Family Functioning Predicts End-of-Life Care Quality in Patients With Cancer: Multicenter Prospective Cohort Study

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Treating patients with cancer within a family setting is the accepted standard of care and a hallmark of end-of-life (EoL) quality of care (QoC).


The aim of this study was to determine whether family caregiver functioning predicts EoL QoC received by terminally ill patients with cancer.


Family caregivers of terminally ill patients with cancer (n = 264) were enrolled from oncology inpatient and outpatient units of 12 large hospitals located in different regions throughout South Korea. Caregivers were administered self-reported questionnaires about family functioning and EoL QoC at the time of an incurable cancer diagnosis, 4 to 6 weeks later, and again 2 to 3 months later. Family functioning and QoC were measured using the family Apgar and Quality Care Questionnaire–End of Life scales, respectively.


Improved adaptability to resource sharing and attention received predicted improved family relationships for the 3 time points. Increased participation in decision making and communication predicted improved individualized care and family relationships for the 3 time points. Increased affection predicted improvements in dignity-conserving care and family relationships for the 3 time points. Improved resolution regarding sharing time and satisfaction with commitments predicted increases in all QoC domains for the 3 time points, including dignity-conserving care, care by healthcare professionals, individualized care, and family relationships.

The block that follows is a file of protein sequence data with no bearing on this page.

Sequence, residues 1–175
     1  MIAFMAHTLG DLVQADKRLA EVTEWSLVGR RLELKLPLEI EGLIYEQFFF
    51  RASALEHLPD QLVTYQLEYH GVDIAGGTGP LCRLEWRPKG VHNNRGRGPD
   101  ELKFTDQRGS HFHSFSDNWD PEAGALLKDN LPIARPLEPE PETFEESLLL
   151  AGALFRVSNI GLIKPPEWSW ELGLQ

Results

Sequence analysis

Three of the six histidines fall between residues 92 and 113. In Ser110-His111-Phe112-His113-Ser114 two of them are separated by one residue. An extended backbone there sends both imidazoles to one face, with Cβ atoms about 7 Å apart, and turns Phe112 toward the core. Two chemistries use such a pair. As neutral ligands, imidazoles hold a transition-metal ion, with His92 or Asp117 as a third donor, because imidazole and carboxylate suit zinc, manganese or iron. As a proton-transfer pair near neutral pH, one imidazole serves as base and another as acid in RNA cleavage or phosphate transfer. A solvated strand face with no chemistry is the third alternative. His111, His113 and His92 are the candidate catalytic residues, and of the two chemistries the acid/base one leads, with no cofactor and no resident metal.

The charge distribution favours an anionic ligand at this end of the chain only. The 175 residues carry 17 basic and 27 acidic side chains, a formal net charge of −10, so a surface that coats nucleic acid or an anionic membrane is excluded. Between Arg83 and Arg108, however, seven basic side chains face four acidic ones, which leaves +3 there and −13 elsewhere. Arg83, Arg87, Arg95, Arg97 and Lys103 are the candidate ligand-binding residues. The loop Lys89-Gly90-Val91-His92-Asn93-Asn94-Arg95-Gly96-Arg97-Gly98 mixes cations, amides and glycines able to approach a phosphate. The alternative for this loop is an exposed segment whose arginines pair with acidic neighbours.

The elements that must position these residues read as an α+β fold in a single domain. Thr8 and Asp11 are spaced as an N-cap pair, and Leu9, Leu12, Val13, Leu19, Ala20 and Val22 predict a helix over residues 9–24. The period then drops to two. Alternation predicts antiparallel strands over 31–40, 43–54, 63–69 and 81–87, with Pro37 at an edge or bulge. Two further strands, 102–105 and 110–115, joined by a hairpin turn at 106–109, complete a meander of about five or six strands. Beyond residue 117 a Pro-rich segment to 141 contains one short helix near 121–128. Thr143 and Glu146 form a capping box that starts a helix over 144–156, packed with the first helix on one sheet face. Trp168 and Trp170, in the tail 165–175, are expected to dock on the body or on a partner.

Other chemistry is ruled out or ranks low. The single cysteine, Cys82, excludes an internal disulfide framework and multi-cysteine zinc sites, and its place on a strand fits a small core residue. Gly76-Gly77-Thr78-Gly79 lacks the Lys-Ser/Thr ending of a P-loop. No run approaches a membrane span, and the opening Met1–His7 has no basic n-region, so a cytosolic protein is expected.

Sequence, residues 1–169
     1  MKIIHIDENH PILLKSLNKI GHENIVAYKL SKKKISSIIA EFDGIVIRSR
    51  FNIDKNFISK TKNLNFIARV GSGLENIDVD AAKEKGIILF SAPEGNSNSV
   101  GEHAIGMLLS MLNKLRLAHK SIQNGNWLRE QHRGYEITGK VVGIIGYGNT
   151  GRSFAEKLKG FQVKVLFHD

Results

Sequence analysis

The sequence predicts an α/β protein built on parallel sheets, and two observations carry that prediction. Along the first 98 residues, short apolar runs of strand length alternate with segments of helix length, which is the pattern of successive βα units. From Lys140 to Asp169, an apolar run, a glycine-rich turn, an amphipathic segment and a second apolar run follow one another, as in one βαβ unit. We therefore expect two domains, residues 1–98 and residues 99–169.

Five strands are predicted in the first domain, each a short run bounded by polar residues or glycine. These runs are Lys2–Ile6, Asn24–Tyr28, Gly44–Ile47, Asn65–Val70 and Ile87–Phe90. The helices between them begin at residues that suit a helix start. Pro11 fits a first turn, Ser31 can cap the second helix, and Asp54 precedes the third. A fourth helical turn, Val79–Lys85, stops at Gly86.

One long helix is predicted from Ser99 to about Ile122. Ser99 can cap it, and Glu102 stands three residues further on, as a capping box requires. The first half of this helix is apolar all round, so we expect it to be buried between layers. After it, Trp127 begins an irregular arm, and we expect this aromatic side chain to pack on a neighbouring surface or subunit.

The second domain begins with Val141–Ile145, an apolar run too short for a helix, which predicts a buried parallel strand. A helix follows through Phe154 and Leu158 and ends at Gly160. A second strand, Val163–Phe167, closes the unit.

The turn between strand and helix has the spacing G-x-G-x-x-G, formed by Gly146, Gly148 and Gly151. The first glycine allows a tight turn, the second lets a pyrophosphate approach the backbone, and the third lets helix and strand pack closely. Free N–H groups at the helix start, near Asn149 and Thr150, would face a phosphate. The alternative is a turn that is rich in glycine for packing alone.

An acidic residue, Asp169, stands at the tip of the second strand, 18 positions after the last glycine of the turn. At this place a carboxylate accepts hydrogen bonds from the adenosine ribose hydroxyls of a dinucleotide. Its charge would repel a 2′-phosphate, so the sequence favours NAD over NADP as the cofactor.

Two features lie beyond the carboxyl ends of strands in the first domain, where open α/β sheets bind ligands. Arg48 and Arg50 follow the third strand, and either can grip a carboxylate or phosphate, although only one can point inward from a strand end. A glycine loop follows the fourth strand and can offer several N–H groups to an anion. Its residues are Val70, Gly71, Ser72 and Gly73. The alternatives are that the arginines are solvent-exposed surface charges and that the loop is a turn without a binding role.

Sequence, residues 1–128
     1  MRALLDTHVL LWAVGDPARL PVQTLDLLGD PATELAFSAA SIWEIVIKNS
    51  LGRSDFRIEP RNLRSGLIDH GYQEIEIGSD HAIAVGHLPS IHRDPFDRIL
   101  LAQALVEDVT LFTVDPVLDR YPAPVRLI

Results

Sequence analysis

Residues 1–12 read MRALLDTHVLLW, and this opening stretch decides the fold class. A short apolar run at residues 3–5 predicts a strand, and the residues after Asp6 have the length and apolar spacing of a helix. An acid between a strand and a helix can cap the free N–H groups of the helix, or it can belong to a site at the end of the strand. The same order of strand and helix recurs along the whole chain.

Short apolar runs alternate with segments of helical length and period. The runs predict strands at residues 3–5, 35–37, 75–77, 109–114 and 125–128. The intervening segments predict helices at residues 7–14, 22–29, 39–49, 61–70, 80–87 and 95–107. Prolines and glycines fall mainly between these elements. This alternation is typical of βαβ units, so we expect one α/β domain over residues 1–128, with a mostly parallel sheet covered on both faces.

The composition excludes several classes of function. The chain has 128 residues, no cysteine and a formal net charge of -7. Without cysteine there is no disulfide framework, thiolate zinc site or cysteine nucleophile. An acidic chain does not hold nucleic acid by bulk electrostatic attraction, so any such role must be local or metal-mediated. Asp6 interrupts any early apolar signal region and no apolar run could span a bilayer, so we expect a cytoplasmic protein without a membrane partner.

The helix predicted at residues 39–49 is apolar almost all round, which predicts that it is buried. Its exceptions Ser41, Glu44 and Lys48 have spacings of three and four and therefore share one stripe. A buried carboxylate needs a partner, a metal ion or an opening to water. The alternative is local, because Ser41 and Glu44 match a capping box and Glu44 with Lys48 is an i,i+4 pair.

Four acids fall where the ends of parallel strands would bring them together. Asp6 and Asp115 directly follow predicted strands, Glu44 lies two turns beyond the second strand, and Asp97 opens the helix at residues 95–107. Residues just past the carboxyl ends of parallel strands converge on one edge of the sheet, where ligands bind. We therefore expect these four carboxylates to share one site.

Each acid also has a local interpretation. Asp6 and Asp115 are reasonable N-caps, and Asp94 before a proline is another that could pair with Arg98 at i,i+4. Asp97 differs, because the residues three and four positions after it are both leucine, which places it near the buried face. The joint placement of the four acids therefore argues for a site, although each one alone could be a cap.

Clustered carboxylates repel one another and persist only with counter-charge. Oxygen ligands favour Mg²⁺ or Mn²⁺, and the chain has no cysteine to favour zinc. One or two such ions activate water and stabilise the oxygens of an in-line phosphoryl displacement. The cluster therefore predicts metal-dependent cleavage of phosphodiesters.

Family functioning may contribute to improved EoL QoC of patients with terminal cancer.

Implications for Practice:

Patients' family caregivers are a valued source of affection and communicative support, improving EoL QoC. More family-oriented cancer support systems can better maintain the effectiveness of QoC until EoL.

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